“Connected” Medical Devices Are Vulnerable to Hackers, Creating Deadly Risks for Patients
We’re becoming increasingly reliant on computers for just about every aspect of our lives. In many ways, this represents an improvement in performance for many of the devices we use. However, cybersecurity risks also represent a serious danger to us, and when it involves a medical device, the consequences can be potentially fatal.
Recently, the FDA issued a warning that the Symbiq Infusion System, a pump created by Hospira to deliver medicine to patients, can be vulnerable to getting hacked by someone who gains access to the hospital’s computer network. In this scenario, the hacker would be able to change the dosage of medicine delivered by the pump. Depending on the type of medicine being delivered, an over- or under-infusion of the drug can potentially be fatal.
The FDA has “strongly” urged medical professionals to discontinue using these pumps. In addition, Hospira has stopped manufacturing these defective medical devices and is currently in the process of taking them off the market. To date, there haven’t been any reports of one of these pumps being compromised by a hacker, but the potential for someone to alter your medication dose from the Internet is still downright frightening.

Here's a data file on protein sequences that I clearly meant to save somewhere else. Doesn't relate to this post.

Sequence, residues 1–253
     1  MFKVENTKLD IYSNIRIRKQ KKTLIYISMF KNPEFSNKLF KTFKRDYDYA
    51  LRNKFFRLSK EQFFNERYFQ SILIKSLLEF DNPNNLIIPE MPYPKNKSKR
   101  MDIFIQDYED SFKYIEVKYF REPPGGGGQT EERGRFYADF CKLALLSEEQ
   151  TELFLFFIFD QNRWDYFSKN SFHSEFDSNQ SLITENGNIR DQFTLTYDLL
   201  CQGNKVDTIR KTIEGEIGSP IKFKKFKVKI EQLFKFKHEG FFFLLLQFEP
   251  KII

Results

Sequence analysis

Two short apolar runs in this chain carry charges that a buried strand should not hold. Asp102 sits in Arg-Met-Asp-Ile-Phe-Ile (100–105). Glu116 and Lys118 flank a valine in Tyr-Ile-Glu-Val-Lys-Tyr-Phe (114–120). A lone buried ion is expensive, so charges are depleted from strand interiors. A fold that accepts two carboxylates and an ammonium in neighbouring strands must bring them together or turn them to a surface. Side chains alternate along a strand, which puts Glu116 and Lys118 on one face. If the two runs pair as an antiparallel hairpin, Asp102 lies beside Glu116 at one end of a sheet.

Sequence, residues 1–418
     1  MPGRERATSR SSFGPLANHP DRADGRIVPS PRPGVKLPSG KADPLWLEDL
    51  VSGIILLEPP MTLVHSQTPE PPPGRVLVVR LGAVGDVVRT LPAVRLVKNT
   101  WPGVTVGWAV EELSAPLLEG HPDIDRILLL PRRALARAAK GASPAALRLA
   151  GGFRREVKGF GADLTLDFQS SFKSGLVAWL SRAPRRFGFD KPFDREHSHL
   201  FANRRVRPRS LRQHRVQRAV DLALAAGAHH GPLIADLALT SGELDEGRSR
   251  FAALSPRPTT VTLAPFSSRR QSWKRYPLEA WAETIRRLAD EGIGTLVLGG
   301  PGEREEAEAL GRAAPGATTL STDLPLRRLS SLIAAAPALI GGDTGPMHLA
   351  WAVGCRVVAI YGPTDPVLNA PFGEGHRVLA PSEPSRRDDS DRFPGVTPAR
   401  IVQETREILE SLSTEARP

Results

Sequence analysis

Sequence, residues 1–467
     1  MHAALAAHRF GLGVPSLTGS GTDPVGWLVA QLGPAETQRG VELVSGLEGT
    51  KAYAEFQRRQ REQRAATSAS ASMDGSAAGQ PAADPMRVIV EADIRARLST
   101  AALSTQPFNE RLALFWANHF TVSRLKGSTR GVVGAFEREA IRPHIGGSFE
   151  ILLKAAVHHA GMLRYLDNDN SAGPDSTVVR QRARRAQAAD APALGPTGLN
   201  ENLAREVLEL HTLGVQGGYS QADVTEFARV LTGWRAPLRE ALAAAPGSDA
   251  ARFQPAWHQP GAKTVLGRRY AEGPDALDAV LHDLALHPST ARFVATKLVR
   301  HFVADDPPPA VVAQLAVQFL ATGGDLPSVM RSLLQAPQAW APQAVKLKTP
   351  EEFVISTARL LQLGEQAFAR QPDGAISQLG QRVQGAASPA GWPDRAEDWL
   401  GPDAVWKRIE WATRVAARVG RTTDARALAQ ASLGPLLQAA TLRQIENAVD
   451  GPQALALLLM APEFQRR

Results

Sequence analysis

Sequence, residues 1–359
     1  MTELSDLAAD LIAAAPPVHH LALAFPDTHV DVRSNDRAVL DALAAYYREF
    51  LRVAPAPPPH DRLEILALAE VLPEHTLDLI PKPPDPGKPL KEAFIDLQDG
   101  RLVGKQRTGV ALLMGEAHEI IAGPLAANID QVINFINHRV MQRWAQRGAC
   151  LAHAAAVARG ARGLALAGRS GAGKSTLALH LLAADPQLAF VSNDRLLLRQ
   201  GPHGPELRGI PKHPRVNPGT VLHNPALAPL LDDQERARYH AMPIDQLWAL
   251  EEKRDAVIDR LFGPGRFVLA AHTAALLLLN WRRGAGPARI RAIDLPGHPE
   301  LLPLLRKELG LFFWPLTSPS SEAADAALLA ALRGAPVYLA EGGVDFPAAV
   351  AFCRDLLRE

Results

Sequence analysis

This isn’t the first time the FDA has issued a warning about cybersecurity issues related to Hospira medication pumps. In addition, the medical device manufacturer has come under fire for its response to these issues, which have largely been focused on getting hospitals to purchase updated versions of the vulnerable pumps rather than actually correcting the issues with the pumps currently on the market so that they won’t be susceptible to a hacker.
Unfortunately, this isn’t only a problem affecting Hospira medical devices. Any manufacturer using computers with their medical devices may potentially be vulnerable to hackers, and it’s crucial that they have processes in place to patch and update the security of these devices.
If you’ve been injured by a defective medical device that was breached by a hacker, you may be entitled to recover compensation for your damages. Todd Tenge has more than two decades of experience handling defective product cases, and he’ll fight aggressively to help you maximize the value of your compensation.
Please contact the Tenge Law Firm using the form at the top of the page or call (303) 502-5587 today to schedule your free defective product consultation. Mr. Tenge serves clients in Boulder, Denver, and Fort Collins, Colorado.
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